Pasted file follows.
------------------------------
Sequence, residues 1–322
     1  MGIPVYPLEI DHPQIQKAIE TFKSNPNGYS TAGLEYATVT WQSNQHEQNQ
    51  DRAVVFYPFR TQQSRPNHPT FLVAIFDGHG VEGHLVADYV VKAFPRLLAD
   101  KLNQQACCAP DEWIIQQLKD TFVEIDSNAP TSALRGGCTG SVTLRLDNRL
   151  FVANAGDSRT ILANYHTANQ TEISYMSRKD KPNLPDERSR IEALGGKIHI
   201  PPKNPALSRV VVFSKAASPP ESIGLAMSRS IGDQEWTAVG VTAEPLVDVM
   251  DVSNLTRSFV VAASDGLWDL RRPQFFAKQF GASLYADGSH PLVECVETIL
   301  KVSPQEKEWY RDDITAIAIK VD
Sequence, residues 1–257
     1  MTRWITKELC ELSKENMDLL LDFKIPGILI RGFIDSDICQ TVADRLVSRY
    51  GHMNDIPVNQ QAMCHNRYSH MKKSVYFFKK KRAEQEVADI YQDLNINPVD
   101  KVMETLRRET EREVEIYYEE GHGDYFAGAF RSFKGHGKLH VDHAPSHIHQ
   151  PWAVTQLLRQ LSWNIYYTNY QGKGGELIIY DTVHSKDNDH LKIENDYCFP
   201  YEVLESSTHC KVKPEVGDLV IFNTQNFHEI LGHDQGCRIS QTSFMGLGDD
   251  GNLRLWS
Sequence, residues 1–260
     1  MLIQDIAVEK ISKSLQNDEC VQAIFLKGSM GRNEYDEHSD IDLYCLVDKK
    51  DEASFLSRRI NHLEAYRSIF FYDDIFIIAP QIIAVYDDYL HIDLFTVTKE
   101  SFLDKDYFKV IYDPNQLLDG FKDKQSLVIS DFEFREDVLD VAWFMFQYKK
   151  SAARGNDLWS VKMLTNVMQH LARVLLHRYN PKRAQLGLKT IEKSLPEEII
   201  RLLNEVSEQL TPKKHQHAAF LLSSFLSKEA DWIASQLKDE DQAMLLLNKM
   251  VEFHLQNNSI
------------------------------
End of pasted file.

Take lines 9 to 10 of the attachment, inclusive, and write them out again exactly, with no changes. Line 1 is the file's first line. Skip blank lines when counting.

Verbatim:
Sequence, residues 1–257
     1  MTRWITKELC ELSKENMDLL LDFKIPGILI RGFIDSDICQ TVADRLVSRY